Da Vinci’s holistic perspective, now known as ‘systemic thinking’, placed him hundreds of years ahead of his time. His ability to observe and draw upon nature’s inherent connectivity is perhaps his greatest legacy.  Since the major issues of the world we live in, from food security to climate change, cannot be solved in isolation, da Vinci’s innovative approach is acutely relevant to us today.  Everything connects

Leonardo da Vinci’s Codex Atlanticus

The Codex Atlanticus

At the heart of the exhibition is the display of original pages from the  Codex Atlanticus. The Codex Atlanticus is the world’s largest collection of writings and drawings by Leonardo da Vinci, which explores a variety of subjects, from mathematics, to natural sciences, architecture, technology and music. For the first time in Southeast Asia, 13 original pages from da Vinci’s Codex Atlanticus are presented in this exhibition.  In February 2015, these 13 pages will be replaced by 13 new pages from the Codex Atlanticus, providing visitors with the opportunity to experience 26 pages in total, over the lifespan of the exhibition.
The original pages are not only a testament to da Vinci’s innovative interdisciplinary approach, but have a history of their own. Since the death of da Vinci, they have been passed from hand to hand, bound together then unbound, studied by experts internationally, and travelled across the world. These masterpieces have stood the test of time, connecting people for centuries as they continue to inspire and shape the future.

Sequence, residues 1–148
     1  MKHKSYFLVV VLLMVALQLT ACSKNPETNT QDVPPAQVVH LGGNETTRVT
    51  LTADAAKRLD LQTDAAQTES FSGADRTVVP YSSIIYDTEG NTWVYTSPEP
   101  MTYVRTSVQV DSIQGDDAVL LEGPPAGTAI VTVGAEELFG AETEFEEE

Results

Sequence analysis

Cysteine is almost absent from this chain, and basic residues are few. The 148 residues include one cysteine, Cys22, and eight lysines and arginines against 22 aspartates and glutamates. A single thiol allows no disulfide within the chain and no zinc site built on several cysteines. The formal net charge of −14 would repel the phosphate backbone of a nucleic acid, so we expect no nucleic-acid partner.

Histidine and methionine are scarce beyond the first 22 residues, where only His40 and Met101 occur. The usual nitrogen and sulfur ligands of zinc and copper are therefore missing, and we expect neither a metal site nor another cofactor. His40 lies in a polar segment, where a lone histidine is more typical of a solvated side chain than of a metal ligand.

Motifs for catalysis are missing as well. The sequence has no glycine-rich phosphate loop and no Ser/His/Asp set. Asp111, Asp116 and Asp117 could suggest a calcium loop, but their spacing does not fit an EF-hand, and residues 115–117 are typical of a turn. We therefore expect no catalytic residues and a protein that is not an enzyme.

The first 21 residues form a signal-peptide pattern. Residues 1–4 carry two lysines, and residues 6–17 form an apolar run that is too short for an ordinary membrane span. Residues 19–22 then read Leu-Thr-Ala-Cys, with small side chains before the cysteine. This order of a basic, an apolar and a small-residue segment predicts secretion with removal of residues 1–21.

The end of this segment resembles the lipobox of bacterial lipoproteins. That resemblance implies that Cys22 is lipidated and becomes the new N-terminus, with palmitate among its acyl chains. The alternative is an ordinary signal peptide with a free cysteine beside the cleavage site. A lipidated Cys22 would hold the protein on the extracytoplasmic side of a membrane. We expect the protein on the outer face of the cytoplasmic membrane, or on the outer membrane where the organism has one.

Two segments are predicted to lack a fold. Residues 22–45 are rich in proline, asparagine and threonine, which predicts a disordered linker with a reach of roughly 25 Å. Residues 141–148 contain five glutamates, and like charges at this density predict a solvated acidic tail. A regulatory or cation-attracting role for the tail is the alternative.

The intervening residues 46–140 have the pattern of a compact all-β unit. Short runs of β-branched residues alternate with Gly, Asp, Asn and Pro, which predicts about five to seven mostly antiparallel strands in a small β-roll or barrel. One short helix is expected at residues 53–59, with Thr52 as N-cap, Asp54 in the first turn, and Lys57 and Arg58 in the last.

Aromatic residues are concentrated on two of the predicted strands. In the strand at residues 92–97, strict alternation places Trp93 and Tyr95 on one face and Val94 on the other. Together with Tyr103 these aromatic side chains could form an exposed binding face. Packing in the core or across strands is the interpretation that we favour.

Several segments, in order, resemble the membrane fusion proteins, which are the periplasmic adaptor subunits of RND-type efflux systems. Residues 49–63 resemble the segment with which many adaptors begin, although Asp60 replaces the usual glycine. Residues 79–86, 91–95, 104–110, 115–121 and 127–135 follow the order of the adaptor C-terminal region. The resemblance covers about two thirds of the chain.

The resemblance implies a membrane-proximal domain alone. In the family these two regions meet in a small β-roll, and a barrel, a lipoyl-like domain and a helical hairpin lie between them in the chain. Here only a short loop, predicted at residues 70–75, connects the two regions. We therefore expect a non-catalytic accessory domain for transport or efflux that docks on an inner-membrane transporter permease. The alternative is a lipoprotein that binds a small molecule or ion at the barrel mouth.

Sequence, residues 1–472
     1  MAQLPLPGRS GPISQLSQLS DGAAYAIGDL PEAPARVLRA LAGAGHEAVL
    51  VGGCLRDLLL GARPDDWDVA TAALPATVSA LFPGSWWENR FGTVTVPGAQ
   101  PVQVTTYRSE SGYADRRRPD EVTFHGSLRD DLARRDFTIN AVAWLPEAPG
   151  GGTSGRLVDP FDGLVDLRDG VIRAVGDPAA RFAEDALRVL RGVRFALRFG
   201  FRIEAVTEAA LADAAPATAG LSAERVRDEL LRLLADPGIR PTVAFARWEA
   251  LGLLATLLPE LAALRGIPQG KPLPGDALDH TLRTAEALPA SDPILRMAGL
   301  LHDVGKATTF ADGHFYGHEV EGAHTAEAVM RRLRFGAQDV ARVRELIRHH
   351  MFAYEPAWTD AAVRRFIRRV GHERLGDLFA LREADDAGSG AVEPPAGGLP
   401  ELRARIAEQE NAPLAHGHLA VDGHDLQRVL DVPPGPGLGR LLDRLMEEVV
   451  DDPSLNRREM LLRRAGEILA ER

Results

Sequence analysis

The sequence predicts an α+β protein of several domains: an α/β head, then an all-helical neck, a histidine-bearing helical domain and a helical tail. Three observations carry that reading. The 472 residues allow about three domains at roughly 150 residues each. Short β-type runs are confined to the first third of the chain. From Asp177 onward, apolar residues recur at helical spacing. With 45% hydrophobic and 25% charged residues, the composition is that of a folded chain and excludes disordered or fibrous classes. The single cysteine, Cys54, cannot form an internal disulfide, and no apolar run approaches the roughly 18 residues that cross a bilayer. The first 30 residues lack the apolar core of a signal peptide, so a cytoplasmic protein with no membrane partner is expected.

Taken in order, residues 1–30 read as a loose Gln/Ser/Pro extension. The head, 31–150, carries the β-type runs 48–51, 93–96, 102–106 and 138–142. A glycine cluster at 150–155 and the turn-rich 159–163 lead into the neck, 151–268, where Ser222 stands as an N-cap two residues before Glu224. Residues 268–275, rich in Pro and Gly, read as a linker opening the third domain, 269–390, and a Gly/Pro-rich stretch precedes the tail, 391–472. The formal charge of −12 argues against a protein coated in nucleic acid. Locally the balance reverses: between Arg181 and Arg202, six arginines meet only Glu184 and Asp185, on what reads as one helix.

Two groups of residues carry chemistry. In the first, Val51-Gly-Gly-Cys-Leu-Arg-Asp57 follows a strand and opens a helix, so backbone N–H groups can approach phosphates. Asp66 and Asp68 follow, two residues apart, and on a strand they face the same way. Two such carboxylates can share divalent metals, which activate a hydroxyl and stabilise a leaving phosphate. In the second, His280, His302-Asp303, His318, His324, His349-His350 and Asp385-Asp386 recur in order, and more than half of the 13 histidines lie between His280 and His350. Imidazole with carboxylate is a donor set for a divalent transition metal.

In Da Vinci: Shaping the Future, the pages are displayed in a specially constructed gallery at the conclusion of the show.

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Da Vinci and his School

Da Vinci and his School

Leonardo da Vinci is undoubtedly one of the most celebrated and well-known painters of all time. Grounded in traditional practice, he was able to transform his methods and materials to express unprecedented intellectual and artistic concerns. For da Vinci, the creation of works of art was not just a profession, but also an expression of a larger pursuit to observe and understand nature. It was through this approach that he revolutionised painting.